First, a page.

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Tuesday, Oct 21st

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Big Food to divulge chemical info

Big Food to reveal chemicalsFood companies are trying to beat the federal government’s push to make chemicals in food more transparent.

The Grocery Manufacturers Association, which represents America’s biggest food companies, announced a major new initiative Wednesday that will give the Food and Drug Administration access to a large database of safety information for chemicals commonly used in processed foods, from Twinkies to almond milk.

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WHO: Ebola outbreak accelerates, could infect 20,000 people

Ebola outbreakThe Ebola outbreak could infect more than 20,000 people within nine months, and efforts to halt its spread could cost up to half a billion dollars, the World Health Organization said Thursday.

In an assessment released Thursday, the U.N. agency said the epidemic "continues to accelerate" with more than 40 percent of reported cases occurring within just the last three weeks.

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3 ways insurers can still avoid covering the sick

Insurers can avoid high risk patientsInsurers can no longer reject customers with expensive medical conditions thanks to the health care overhaul, but there's still wiggle room for them to discourage the sickest and costliest patients from enrolling.

Insurance companies can exclude some well-known cancer hospitals or certain individual specialists who treat pricey conditions from the list of providers they cover under a plan. They can dissuade HIV patients from signing up for coverage by requiring heavy initial payments of the bill for their prescriptions. They also might simply wait for competitors to jump into a market first and take all the risky patients who were hungry for coverage.

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Fraud at the CDC uncovered, 340% increased risk of autism hidden from public

CDC cover up: vaccinesA top researcher at the Centers for Disease Control and Prevention (CDC) played a key role in helping uncover data manipulation by the CDC. This fraud obscured a higher incidence of autism in African-American boys.

The whistleblower, Dr. William Thompson, came forward after a Freedom of Information Act (FOIA) request for original data on an autism study was filed and these highly sensitive documents were received with the assistance of U.S. Representative Darrell Issa, Chairman of the House Oversight and Government Reform Committee. The CDC documents and discussions with the whistleblower reveal widespread manipulation of scientific data and top-down pressure on CDC scientists to suppress a causal link between the MMR vaccine and later autism diagnosis, particularly in a subset of African-American males who received their immunization “on-time” in accordance with the recommended CDC schedule.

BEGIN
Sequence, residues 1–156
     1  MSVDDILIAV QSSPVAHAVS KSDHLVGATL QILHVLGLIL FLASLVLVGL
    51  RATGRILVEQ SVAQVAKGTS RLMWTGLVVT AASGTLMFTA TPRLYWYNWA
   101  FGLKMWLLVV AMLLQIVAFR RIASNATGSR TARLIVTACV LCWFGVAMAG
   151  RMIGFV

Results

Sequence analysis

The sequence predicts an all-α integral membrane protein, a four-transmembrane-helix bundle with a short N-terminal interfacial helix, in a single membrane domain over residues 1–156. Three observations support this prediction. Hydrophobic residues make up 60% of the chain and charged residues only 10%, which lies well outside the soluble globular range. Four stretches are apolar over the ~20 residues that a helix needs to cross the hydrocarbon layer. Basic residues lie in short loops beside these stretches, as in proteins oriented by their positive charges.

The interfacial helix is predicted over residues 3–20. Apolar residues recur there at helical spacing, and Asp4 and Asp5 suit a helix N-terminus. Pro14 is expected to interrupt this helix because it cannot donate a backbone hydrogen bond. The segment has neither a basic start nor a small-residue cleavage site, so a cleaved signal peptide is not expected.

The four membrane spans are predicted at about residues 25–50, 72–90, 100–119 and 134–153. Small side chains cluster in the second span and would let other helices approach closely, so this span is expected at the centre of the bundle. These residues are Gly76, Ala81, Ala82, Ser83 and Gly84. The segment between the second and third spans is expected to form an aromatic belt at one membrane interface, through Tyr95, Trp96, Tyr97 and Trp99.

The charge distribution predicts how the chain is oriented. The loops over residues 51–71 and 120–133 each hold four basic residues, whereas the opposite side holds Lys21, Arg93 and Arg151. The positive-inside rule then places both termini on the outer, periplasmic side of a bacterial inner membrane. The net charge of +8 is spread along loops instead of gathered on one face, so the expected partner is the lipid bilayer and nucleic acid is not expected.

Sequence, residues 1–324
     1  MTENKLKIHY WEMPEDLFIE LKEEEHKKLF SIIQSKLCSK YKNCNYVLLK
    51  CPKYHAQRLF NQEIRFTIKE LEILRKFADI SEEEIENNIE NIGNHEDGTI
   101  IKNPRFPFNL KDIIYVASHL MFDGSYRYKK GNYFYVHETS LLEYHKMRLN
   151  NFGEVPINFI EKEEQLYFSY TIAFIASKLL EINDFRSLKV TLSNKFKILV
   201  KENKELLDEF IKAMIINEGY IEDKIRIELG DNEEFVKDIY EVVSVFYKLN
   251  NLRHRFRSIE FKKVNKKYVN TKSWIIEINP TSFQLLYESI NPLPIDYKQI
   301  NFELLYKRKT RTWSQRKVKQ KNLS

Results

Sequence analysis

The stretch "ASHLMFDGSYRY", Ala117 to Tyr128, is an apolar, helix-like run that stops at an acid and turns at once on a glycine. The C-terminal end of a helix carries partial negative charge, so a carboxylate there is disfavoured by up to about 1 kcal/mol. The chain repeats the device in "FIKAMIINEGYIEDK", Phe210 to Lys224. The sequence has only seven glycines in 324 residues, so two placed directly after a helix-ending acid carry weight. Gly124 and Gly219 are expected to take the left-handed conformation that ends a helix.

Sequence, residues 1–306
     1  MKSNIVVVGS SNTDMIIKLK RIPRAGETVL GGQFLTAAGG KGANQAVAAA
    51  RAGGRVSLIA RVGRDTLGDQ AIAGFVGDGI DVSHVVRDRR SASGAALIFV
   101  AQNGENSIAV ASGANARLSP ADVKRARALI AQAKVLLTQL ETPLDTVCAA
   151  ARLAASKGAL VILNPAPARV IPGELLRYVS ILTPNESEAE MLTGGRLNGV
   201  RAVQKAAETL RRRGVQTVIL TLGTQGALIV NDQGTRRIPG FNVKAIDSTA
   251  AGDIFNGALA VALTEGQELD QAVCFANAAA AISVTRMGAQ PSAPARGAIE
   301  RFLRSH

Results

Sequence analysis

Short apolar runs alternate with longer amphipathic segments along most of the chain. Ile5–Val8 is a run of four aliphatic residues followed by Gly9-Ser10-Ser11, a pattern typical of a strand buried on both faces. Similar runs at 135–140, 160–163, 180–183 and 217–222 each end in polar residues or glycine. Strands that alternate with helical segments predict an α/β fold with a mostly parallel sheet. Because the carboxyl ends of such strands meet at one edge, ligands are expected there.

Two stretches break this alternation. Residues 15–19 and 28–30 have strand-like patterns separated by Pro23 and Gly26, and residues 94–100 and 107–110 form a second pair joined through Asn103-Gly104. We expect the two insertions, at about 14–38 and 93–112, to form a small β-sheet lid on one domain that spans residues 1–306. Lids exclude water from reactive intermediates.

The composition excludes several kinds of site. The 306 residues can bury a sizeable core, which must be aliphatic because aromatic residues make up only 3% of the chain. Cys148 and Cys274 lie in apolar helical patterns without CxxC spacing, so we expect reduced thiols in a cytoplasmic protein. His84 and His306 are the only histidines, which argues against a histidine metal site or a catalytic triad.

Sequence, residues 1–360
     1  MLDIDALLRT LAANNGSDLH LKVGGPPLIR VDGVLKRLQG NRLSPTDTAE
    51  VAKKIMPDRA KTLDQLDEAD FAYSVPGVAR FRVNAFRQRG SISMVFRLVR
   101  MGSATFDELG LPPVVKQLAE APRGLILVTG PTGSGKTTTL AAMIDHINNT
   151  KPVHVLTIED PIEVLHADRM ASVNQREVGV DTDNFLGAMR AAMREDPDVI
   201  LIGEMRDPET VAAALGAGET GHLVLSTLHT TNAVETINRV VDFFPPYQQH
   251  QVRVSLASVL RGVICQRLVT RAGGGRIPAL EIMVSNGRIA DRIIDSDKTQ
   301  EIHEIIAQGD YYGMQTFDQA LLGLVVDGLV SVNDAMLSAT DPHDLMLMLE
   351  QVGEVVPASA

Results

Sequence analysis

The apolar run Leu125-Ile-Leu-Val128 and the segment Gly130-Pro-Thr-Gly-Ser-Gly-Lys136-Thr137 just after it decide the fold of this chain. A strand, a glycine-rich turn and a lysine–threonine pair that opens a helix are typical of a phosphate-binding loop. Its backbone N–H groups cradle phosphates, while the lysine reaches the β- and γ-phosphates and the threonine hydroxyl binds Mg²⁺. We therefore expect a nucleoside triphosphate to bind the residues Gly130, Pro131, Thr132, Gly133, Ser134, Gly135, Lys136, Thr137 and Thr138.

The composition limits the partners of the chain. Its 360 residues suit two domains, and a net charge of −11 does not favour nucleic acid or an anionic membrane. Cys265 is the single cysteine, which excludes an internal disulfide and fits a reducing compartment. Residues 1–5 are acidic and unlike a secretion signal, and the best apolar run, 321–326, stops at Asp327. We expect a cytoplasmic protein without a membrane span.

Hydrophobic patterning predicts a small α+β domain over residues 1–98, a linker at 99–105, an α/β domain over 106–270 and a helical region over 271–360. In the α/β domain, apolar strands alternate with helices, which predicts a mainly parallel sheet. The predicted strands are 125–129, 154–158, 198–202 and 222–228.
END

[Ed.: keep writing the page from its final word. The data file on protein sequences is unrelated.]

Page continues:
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Japan to provide experimental Ebola drug

Japan offer ebola drugJapan is ready to provide an unapproved, anti-influenza drug to help treat the deadly Ebola virus, the Japanese government announced on Monday, a day after the Democratic Republic of Congo declared an Ebola outbreak in its northern Equateur province on Sunday caused by a strain different from the West Africa one, according to the health ministry.

Chief Cabinet Secretary Yoshihide Suga told reporters that Japan could offer the drug any time at the request of the World Health Organization (WHO) and was willing to make an international contribution to help control the epidemic that has claimed at least 1,427 lives — mostly in Sierra Leone, Liberia and neighboring Guinea. There have been six outbreaks of Ebola in DRC since the disease was discovered there in 1976, with a total of more than 760 deaths.

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DEA imposes restrictions on hydrocodone amid painkiller addiction epidemic

Hydrocodone restrictedThe federal government will tighten restrictions on narcotic painkillers made with hydrocodone in order to curb the widespread abuse of prescription opioids.

Under new rules published Friday by the Drug Enforcement Administration (DEA), patients seeking painkillers such as Vicodin, the most widely prescribed drug in the United States, will only be allowed one 90-day prescription and would have to see a doctor to get a refill. Doctors won’t be allowed to call in the prescriptions on the phone, and in some states, nurses or physician assistants won’t be able to prescribe the drugs. Pharmacies will be required to keep the drugs in special vaulted areas.

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WHO: Extent of Ebola outbreak has been 'underestimated'

Ebola underestimatedAs the death toll from the Ebola outbreak in West Africa nears 1,500, the World Health Organization said Friday that its "magnitude... has been underestimated."

The outbreak is likely on a scale larger than realized, says WHO, and attributes that to various factors including keeping infected family members at home to die, denial of infection and fear that medical quarantine will be lethal to ill family members.

"As Ebola has no cure, some believe infected loved ones will be more comfortable dying at home."

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